Build relationships in advance. Building relationships is an all-embracing and time-consuming task. To build an amicable rapport with the media, you will need to make preparations in advance. A clever step is to make your presence felt in social media sites such as Twitter, Facebook, and LinkedIn. You will need to keep track of popular hashtags in your sphere of operation, connect with reporters, not only via social media sites, but also personally, and compliment them on any of their articles that you liked. You can go further and create blog posts about such articles and provide backlinks to them in your post. You would do well to look out for reporters that have a national readership, while also keeping an eye out for smaller publications that have more targeted readerships. Sending these smaller publications your press releases should guarantee publication. Also, primitive as it may sound, the radio is still a wonderful medium of mass communication; so it would definitely be worthwhile to communicate and form a rapport with radio hosts.

Make a smooth sales pitch. Remember, when you are corresponding with a reporter, you are selling communication to him. You need to treat him like a client – always be affirmative about giving out interviews, whether in person or on the phone, and offer suggestions and follow-ups whenever possible. Also, it would be great if you are able to offer the reporter an even deal by introducing them to experts in your know that they might like to meet. Whenever possible, share with them content on topics within your domain of expertise, along with photographs.

Do your homework before you run to the media. When you have a story to share with the media, make sure to prepare in advance a short description of the story. Include all associated people in the story. Also, make sure that you are empathetic about the reporter’s perspective of your story and take steps to ensure that it comes across as interesting to him. It is always a great idea to host events, however small, and invite reporters to take part and avail the opportunity of collecting news and photographs. You can even shoot videos and post them on easily-accessible sites like YouTube and share links with media.

Bait media correspondents. Let’s face it, most reporters are attracted to sensationalism and hype. You can take advantage of that by hosting conspicuous events like contests, fundraising drives, anniversaries, new/unique product launches, and the like. If possible, frame your event to be in tune with a local or national issue. For example, if one of the current national issues under debate is internet security and you are selling internet security software, make it a point to make your sales pitch based on the issue. Apart from hosting events, you can use other forms of media-baiting as well, such as publishing and distributing free e-books and circulating interesting facts and trivia based on your business.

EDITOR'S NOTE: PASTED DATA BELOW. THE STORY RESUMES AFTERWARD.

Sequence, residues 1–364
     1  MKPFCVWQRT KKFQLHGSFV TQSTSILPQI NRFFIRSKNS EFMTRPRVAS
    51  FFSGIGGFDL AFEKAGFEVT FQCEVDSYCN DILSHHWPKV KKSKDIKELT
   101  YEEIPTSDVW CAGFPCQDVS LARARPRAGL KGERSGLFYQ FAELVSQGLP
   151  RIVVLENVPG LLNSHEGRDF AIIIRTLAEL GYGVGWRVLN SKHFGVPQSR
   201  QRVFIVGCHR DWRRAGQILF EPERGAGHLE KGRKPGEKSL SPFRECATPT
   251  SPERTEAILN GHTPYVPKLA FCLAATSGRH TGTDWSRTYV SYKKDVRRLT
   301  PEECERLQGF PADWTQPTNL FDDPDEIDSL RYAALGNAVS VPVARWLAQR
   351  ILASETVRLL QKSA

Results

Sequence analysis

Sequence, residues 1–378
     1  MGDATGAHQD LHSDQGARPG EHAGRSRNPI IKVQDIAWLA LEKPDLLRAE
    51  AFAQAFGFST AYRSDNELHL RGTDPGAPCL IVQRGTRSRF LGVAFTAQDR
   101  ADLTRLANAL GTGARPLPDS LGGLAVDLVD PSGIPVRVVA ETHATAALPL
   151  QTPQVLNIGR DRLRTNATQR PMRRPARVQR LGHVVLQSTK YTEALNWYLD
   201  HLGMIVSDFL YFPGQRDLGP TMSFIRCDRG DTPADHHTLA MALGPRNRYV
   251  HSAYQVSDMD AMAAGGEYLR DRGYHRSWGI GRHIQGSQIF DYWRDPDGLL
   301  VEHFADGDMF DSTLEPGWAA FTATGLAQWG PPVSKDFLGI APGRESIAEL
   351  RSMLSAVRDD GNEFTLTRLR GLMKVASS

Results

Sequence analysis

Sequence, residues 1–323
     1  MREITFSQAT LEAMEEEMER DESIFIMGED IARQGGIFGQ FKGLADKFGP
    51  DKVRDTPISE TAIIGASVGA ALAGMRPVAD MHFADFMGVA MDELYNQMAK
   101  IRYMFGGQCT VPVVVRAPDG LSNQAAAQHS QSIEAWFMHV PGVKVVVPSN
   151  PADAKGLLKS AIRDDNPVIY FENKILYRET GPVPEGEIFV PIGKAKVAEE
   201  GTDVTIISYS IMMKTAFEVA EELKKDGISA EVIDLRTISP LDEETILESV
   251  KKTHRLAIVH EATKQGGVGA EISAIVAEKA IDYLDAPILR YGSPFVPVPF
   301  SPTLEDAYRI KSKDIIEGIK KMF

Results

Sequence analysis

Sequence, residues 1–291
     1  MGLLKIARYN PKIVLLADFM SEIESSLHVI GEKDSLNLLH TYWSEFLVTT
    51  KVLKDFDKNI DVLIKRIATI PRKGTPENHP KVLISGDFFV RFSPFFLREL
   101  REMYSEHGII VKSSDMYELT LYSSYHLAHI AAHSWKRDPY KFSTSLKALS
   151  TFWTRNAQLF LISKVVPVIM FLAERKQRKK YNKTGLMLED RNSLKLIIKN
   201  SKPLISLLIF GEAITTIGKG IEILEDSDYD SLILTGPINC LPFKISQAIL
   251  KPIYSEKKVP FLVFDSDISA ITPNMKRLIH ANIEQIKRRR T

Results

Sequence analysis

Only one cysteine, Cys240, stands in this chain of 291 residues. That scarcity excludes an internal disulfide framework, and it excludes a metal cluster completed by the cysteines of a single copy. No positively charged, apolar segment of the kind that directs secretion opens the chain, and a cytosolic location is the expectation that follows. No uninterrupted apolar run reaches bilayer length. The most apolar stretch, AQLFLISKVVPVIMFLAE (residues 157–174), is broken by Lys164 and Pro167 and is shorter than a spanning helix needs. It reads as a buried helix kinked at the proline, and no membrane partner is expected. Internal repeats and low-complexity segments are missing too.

Setting up HARO

The first thing to setting up HARO is signing up – it’s completely free. Signing up will immediately provide you with access to numerous emails, based on your area of interest. The second step is to scan your emails daily to look out for any opportunities coming your way. When you come across an email that matches your interest or level of expertise, you can send in an email back with your comments. Responding appropriately to emails can get you an audience with a reporter who is looking to interview someone like you.

Why HARO is your best friend for effective PR

  • HARO helps you establish and position yourself as an expert: You can be the best in your business. But without publicity, what good is your expertise? HARO brings to you email requests that pertain to your field of expertise and lets you respond to them, thus building your credibility. Being seen as an expert in a field sets you apart from the crowd. Also, if you are a small business owner offering a unique product or service, HARO helps you publicize as well. What is most important is that HARO gets you quoted as a source, and the more you get quoted, the more are your chances of being used as a source by people.
  • HARO helps you get backlinks: There are more advantages to being quoted as a source. Since HARO is widely used by bloggers and other social media users, chances are that when you are quoted as a source, these bloggers, and social media users will create backlinks to your website. Getting backlinked will boost your website’s chances of being pulled up in search engine searches, thus maximizing the number of visitors to your website.
  • HARO brings in the best contacts: HARO connects you to some of the best bloggers and journalists around the world. When you are used as a source, you can make the most of that opportunity by providing interesting and helpful insights. Being a helpful source will increase your chances of making great contacts that will turn to you recurrently for more insights.
  • HARO is spam-free: HARO is a 100% spam-free. HARO hides the email addresses of reporters, and so it becomes impossible for spammers to get access to those. This has increased people’s confidence in HARO and has led to increased participation. However, there is a possibility that HARO emails themselves may be incorrectly routed to the spam folder by your email client. This can be averted by pushing HARO emails off the spam folder and into the inbox.